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Each day in the month of August we’ll be examining a different NHL team — from looking back at last season to discussing a player under pressure to focusing on a player coming off a breakthrough year to asking questions about the future. Today we look at the San Jose Sharks.

1. What happens to Joe Pavelski and Joe Thornton after this season?

Both players have been the face of the franchise for years now, but they’re both well into their thirties which means they might not be around for much longer. Thornton and Pavelski are both heading to unrestricted free agency at the end of the season. That’s familiar territory for Jumbo Joe, who has signed one-year contracts the last couple of years, but it’s going to new for Pavelski.

In Thornton’s case, he’s coming off a knee injury that forced him to miss every game after January 25th, including the playoffs. The 39-year-old managed to put up 13 goals and 36 points in 47 games when he was healthy. Those are respectable offensive totals, but you’d have to think that the Sharks would want to get younger at a certain point.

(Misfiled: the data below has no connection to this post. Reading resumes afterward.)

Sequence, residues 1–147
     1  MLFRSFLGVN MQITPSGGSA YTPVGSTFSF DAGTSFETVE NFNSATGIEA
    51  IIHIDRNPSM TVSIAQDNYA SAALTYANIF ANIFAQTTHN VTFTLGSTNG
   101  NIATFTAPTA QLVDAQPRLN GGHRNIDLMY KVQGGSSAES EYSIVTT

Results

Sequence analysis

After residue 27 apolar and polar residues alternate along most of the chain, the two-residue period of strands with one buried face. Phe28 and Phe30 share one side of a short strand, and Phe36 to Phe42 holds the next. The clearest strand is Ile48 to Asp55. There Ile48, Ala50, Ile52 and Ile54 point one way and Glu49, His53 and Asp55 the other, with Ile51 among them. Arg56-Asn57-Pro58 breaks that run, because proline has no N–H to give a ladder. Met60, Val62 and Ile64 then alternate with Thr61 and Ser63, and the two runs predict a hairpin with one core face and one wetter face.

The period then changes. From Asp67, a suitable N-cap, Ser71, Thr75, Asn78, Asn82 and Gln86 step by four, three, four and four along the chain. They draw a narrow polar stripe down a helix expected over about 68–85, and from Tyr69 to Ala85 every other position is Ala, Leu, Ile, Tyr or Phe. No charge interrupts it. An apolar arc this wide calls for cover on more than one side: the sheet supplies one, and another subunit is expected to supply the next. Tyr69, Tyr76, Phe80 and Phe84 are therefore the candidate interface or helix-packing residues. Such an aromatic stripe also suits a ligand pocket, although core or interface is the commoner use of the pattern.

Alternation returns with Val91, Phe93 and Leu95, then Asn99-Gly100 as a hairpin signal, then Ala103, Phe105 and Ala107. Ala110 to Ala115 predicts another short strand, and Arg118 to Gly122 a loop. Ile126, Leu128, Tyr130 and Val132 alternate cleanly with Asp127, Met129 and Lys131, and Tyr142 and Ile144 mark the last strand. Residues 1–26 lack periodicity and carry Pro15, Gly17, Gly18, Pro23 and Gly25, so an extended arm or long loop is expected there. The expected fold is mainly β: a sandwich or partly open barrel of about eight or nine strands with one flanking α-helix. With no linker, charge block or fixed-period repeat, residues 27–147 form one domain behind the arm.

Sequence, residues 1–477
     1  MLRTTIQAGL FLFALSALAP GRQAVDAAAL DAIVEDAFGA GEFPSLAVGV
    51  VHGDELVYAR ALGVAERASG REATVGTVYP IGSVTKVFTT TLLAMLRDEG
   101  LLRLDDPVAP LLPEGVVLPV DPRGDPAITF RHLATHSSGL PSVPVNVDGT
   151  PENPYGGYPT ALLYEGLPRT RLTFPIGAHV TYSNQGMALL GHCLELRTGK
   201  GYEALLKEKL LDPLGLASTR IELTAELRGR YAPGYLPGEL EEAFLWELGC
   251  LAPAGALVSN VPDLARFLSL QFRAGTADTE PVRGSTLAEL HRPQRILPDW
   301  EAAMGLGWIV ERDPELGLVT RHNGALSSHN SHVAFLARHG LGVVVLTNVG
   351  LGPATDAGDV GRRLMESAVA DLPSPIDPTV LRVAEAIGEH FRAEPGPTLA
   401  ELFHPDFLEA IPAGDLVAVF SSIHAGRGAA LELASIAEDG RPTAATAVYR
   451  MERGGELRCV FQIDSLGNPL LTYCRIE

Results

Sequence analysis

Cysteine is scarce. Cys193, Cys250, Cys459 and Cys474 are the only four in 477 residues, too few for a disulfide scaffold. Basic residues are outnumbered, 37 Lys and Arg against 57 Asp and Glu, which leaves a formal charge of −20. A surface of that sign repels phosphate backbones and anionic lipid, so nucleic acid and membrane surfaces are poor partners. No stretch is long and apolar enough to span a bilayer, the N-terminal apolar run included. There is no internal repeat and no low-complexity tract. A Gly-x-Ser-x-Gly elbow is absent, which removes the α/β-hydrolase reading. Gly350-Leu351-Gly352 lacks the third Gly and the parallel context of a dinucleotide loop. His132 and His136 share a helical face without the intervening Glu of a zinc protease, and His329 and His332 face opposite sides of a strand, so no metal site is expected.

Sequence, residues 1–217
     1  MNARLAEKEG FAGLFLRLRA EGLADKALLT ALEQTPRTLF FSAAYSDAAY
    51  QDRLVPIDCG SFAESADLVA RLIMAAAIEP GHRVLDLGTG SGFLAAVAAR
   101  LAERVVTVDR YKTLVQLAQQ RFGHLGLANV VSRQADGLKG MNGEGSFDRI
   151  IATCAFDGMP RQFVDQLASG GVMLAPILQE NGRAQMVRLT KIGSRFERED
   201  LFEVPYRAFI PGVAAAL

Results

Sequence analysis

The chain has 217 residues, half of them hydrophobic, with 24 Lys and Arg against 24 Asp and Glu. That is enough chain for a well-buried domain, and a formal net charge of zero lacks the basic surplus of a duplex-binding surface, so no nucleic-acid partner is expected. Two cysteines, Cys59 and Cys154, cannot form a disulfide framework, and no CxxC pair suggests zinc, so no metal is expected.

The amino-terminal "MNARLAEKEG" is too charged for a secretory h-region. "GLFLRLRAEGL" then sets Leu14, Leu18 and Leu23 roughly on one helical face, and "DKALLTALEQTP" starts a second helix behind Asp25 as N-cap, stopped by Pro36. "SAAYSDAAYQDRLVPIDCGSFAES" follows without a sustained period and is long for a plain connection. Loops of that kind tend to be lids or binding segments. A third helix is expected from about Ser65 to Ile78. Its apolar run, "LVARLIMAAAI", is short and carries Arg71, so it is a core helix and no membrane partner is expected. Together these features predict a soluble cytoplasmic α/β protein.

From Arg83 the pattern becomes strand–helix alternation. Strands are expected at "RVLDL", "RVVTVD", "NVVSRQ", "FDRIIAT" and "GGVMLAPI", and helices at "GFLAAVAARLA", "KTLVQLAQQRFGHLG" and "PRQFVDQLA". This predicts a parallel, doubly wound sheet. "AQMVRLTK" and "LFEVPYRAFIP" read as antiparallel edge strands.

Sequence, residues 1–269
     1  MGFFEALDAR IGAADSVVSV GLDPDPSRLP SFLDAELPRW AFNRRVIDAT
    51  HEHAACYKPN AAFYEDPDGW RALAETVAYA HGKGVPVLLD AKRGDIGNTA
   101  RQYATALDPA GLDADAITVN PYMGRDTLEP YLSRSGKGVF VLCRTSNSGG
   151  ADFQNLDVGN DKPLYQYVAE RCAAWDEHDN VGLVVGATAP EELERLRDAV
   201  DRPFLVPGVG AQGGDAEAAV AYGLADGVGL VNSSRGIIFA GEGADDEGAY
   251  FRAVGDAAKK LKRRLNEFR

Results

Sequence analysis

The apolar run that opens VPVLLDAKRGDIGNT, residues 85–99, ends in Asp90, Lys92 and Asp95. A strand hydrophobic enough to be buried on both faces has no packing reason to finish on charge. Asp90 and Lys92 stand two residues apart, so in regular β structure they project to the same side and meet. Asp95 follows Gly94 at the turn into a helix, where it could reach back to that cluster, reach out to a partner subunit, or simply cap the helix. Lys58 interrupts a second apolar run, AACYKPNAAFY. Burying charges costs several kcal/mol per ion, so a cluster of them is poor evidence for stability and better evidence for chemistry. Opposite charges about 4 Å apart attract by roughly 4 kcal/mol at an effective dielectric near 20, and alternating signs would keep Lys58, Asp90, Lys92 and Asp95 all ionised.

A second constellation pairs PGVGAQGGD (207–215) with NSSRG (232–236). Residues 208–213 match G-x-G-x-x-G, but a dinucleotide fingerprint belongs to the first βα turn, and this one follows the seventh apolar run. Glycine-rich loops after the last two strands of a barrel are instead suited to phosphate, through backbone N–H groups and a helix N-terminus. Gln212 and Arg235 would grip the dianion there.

Also, we don’t know what he’ll look like on the ice after dealing with a serious knee injury. Will he lose another step? Will he be as productive? There’s a bit of a risk for the Sharks here heading into the season. They pursued John Tavares, but struck out. So that means Thornton, who is earning $5 million this year, will have to give them some type of offensive output.

[2017-18 review | Under Pressure: Kane| Breakthrough: Meier]

Pavelski, 34, isn’t young by hockey standards, but he still put up a healthy 66 points in 82 games last season. Looking at the bigger picture though, his point totals have decreased in each of the last three years (78, 68, 66). That’s not a significant drop but given his age, there could be more dropping in the near future.

If Pavelski puts up another 60-point season, it’ll be difficult not to give him a multi-year extension. But GM Doug Wilson will have some tough decisions to make if the production of these two veterans dips even just a little bit. We know that Thornton is willing to sign one-year contracts, but is Pavelski going to do the same thing?

2. Are the Sharks good enough to win the Western Conference?

Sure, the Sharks have some older bodies on their roster like Thornton, Pavelski and Brent Burns, but they also have Logan Couture, who’s just under 30, Evander Kane (27), Marc-Edouard Vlasic (31), Timo Meier (21), Tomas Hertl (24), so they’re balanced in that department.